EVOLUTION OF JUDICIAL TYRANNY:

"If the judges interpret the laws themselves, and suffer none else to interpret, they may easily make, of the laws, [a shredded] shipman's hose!" - King James I of England, around 1616.

“No class of the community ought to be allowed freer scope in the expression or publication of opinions as to the capacity, impartiality or integrity of judges than members of the bar. They have the best opportunities of observing and forming a correct judgment. They are in constant attendance on the courts. Hundreds of those who are called on to vote never enter a court-house, or if they do, it is only at intervals as jurors, witnesses or parties. To say that an attorney can only act or speak on this subject under liability to be called to account and to be deprived of his profession and livelihood by the very judge or judges whom he may consider it his duty to attack and expose, is a position too monstrous to be entertained for a moment under our present system,” Justice Sharwood in Ex Parte Steinman and Hensel, 95 Pa 220, 238-39 (1880).


“Because the law requires that judges no matter how corrupt, who do not act in the clear absence of jurisdiction while performing a judicial act, are immune from suit, former Judge Ciavarella will escape liability for the vast majority of his conduct in this action. This is, to be sure, against the popular will, but it is the very oath which he is alleged to have so indecently, cavalierly, baselessly and willfully violated for personal gain that requires this Court to find him immune from suit”, District Judge A. Richard Caputo in H.T., et al, v. Ciavarella, Jr, et al, Case No. 3:09-cv-00286-ARC in the U.S. District Court for the Middle District of Pennsylvania, Document 336, page 18, November 20, 2009. This is about judges who were sentencing kids to juvenile detention for kickbacks.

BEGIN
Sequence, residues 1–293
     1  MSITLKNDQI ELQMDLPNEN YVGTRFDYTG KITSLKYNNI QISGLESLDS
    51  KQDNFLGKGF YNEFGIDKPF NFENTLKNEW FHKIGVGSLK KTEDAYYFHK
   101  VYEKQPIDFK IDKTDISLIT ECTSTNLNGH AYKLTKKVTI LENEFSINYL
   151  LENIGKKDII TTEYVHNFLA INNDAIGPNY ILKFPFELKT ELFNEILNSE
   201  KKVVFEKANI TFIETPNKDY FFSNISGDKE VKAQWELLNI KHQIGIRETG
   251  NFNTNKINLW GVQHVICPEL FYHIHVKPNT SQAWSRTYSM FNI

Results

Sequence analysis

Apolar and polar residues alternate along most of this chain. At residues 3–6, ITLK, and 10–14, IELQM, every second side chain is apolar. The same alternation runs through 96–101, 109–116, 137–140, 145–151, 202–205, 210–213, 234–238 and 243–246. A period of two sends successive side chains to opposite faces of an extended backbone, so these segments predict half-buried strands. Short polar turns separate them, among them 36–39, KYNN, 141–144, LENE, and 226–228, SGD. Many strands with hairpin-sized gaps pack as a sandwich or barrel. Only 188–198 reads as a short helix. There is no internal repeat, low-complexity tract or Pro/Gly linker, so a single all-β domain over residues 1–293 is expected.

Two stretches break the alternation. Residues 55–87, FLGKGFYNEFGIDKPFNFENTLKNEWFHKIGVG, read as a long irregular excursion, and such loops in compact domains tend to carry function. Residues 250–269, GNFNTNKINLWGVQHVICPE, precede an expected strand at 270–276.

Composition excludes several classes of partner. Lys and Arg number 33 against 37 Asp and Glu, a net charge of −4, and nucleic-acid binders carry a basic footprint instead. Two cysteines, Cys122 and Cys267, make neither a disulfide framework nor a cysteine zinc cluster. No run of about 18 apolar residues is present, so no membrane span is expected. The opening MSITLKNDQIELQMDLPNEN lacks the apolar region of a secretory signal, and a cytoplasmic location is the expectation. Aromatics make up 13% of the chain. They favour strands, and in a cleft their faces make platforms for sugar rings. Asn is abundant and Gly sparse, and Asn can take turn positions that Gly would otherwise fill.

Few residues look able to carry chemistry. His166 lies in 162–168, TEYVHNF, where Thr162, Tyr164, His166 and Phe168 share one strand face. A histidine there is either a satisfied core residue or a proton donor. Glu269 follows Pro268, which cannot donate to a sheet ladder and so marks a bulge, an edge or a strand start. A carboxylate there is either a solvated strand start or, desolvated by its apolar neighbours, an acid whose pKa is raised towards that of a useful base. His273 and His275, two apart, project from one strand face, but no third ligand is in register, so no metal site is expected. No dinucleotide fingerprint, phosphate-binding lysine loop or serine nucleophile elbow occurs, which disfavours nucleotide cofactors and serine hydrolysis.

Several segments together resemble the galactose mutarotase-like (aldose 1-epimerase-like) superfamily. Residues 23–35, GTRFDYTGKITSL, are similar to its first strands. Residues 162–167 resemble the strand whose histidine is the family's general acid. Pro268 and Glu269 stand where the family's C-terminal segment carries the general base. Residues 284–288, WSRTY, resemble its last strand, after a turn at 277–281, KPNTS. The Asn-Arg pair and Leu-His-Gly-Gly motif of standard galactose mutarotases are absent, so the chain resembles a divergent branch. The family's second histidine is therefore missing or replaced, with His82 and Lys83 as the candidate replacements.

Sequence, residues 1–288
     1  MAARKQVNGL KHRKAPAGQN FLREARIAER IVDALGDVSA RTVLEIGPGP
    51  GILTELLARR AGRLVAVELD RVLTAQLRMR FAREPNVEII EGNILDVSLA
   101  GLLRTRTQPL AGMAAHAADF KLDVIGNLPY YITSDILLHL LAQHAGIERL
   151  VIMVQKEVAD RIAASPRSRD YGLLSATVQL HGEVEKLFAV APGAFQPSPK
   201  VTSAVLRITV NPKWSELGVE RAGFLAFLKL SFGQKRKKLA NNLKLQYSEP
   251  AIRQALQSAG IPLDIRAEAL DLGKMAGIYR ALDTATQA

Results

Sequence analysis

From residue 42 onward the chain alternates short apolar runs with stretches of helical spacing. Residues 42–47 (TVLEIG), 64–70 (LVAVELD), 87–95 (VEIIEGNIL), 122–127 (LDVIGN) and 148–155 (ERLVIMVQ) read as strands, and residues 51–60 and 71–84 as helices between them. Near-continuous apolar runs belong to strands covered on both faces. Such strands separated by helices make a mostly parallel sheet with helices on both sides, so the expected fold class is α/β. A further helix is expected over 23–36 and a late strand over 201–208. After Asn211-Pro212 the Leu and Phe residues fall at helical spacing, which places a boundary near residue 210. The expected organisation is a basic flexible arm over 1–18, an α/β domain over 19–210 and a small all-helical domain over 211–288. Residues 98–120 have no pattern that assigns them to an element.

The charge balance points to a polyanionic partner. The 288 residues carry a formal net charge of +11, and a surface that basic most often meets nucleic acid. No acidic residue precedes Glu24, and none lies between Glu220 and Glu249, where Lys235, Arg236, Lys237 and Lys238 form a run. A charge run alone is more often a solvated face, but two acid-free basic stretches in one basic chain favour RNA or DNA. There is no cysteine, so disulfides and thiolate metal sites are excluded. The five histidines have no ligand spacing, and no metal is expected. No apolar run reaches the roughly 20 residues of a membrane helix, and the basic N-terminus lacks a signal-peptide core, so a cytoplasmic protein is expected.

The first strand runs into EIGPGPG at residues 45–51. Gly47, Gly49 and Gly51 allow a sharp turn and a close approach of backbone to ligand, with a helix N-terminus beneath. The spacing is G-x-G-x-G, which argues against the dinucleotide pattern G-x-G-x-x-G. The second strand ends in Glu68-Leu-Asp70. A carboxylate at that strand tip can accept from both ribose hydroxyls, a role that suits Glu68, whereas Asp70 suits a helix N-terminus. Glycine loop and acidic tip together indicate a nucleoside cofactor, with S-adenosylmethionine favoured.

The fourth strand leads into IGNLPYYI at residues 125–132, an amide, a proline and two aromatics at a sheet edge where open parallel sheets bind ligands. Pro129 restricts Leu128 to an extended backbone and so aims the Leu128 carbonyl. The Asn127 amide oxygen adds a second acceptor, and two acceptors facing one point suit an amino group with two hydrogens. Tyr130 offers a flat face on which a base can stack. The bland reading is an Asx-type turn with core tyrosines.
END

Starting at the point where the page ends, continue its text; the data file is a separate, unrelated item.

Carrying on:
"The legal profession must take great care not to emulate the many occupational groups that have managed to convert licensure from a sharp weapon of public defense into blunt instrument of self-enrichment". Walter Gellhorn, "The Abuse of Occupational Licensing", University of Chicago Law Review, Volume 44 Issue 1, September of 1976.


This case illustrates to me the serious consequences to the Bar itself of
not affording the full protections of the First Amendment to its applicants for
admission. For this record shows that [the rejected attorney candidate] has
many of the qualities that are needed in the American Bar. It shows not only that [the rejected attorney
candidate] has followed a high moral, ethical and patriotic course in all of
the activities of his life, but also that he combines these more common virtues with
the uncommon virtue of courage to stand by his principles at any cos
t.
It is such men as these who have most greatly honored the profession of the law.
… The legal profession will lose much of its nobility and its glory if it is
not constantly replenished with lawyers like these. To force the Bar to become
a group of thoroughly orthodox, time-serving, government-fearing individuals is
to humiliate and degrade it.”


In Re Anastaplo,

18 Ill. 2d 182, 163 N.E.2d 429 (1959), cert. granted, 362 U.S. 968 (1960), affirmed over strong dissent, 366
U.S. 82 (1961), Justice Black, Chief Justice Douglas and Justice Brennan, dissenting.







Monday, November 14, 2016

The New York State Attorney General Eric T. Schneiderman fights against remedies for the wrongfully convicted

Shabaka Shakur, a man who was convicted for a double-killing and who has spent 27 years in prison, filed a claim with New York State Court of Claims in 2012.